This week we had the pleasure of chatting with our Free Your Mind series cover artist, Catrin Welz-Stein. The German artist’s dreamlike digital art creates an ethereal new world for its viewers. We talk to Catrin about her process and the materials she uses as well as her inspiration in creating such unique imagery.
Location: Lörrach, Germany
Education/Formal Education: Study of Graphic Design in Damstadt, Germany
Favourite Quote: “The purpose of art is washing the dust of daily life off our souls“ – Pablo Picasso
1. We’re so excited to have your artwork on the covers of our latest collection, Free Your Mind. Can you tell us a bit more about these beautifully ethereal images?
My images are all digitally made. I collect old images and illustrations and put them together in a new way Photoshop. The working process is based on combining and dividing public domain photographs, with removing, filling and retouch.
2. When did you first develop a love for art? When did you decide to start creating your own?
Since I was a child I have always had a lot of creative ideas. I loved to draw, to do crafts, to decorate my room and paint the walls in different colors. It was like playing with all kinds of different mediums without getting in too deep into one specialty. It took me until I was an adult to finally find the fulfillment in creating art. Back then I gave up my work as a graphic designer to have more time to raise my two kids. Free from the daily working routine I also was able to get back to my own creativity and to start to make art for myself.
3. As an art lover from a young age, what made you decide on graphic design as your field of study?
I always wanted to work in the field of art. But it was not so easy to choose the right education to start. I began with industrial design but soon realized I’m too chaotic to draw a straight line. Then I switched to graphic design where I learned to develop creative concepts and where I first came into contact with digital images. It was also a good mix of having the benefits of working in the economy and doing a creative job.
4. Do you have a particular routine or ritual when you work?
My kids are still young, so I arrange my working time around them. I start in the morning with a cup of coffee, right after the kids are off to school. In the afternoon when the kids are back home it is on and off with doing the daily household routine as well.
5. How have you found your background in graphic design to have benefited you as an artist?
During my studies I was introduced to the fields of photography, illustration and digital image processing. It gave me a new perspective on the possibilities to visualize ideas and how to transport them into images. Back then I also started to see an image not only out from the aesthetic way, but also about the message behind it. When I started to work as a graphic designer, I developed my computer skills and learned to work with Photoshop, which is now my main software program for digital collaging. Actually I never completely stopped working as a graphic designer completely, because I still do commissioned work and have clients as well.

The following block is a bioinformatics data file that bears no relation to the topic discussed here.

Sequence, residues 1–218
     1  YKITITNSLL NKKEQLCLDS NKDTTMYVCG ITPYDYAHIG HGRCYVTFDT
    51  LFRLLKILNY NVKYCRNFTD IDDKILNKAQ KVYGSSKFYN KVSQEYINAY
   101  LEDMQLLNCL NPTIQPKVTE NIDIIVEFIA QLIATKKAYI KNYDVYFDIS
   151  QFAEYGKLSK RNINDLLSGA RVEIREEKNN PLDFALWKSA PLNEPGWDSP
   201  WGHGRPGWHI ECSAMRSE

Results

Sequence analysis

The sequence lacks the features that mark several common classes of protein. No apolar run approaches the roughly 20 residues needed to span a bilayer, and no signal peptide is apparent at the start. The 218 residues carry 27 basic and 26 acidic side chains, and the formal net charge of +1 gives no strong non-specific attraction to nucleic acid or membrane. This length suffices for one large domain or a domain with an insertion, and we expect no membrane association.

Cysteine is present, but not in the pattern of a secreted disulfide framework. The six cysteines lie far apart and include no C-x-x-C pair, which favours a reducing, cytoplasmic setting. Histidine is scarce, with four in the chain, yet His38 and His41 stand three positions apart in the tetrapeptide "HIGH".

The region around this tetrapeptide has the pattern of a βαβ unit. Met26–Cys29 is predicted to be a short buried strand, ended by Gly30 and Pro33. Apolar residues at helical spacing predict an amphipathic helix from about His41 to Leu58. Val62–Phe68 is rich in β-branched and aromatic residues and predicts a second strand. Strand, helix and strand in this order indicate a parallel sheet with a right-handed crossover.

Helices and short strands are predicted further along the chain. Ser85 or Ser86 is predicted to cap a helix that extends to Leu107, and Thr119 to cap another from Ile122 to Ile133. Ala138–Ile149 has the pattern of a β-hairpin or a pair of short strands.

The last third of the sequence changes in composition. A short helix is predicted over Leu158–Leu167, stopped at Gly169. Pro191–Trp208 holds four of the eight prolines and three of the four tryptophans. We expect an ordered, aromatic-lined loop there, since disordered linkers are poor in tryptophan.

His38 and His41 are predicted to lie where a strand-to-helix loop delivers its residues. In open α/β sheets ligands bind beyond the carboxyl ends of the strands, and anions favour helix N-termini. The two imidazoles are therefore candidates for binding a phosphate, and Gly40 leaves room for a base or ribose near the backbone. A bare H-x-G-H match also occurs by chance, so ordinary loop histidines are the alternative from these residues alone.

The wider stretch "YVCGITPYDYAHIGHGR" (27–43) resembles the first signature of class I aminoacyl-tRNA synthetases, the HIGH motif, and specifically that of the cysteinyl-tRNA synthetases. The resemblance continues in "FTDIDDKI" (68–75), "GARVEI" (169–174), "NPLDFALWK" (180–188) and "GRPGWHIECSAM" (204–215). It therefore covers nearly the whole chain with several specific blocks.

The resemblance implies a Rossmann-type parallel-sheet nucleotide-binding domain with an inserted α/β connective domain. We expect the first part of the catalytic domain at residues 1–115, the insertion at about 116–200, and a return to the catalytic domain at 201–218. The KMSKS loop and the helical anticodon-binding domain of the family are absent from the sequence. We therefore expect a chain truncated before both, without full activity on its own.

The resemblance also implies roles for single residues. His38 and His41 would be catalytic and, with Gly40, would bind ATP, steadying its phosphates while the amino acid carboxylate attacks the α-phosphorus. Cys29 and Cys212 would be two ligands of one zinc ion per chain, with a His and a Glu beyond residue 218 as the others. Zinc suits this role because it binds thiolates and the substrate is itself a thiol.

6. You’ve spoken about your art releasing inner feelings which are often hidden in our daily lives. Is there a particular part to your artwork that you feel embodies this?
A lot of my non-commissioned images are very intuitively done. These are the ones which I begin without having an idea what they are about and how they will look in the end. They can get very surreal and sometimes don’t explain themselves from the beginning.
7. Apart from digital art and design are there any other passions that you like to pursue?
Some years ago I started to learn pottery on the wheel. In contrast to my digital work I very much enjoyed making art with my hands very much. I haven’t done it for a long time now and I would like to refresh my skills again.
8. What would you say are the main influences that you draw on in your work?
My work is very feminine and I often reflect the female nature in my images. They are surreal resulting from collaging pieces of art together. In general my work shows influences of folklore, the medieval period, childhood stories, womanhood and fantasy.
9. What advice would you give to an artist or graphic designer who is starting out?
I‘m not sure if I‘m in any position to give advice. I can only speak from my own experiences. Everybody has to make his own way to become the artist he is supposed to be. Perhaps you have to follow your heart and do what you think is the right path instead of listening too much to others.
10. Do you have any favourite artists or designers that you admire?
If I had to name only one, I would go with Olaf Hajek. His rich colors and wonderful motifs always transport me into another world.
11. What legacy do you hope to leave with your art?
Sometimes I wonder if my images will still be there in 100 years when I’ve been gone for a long time?
Because my work is mostly digital and widespread in the www, there could be a realistic chance for that! I would be happy if my great-grandchildren could see my work and get to know me better, since I sadly know nothing about my ancestors.
12. Any advice for an artist struggling for inspiration?
We all have days when our brain is not creative at all. The difficult thing with creativity is that you can’t switch it on when you like to. It comes and goes. Therefore it is helpful to be ready when creativity comes to you. I try to do creative work every day, just to have my routine and keep on producing.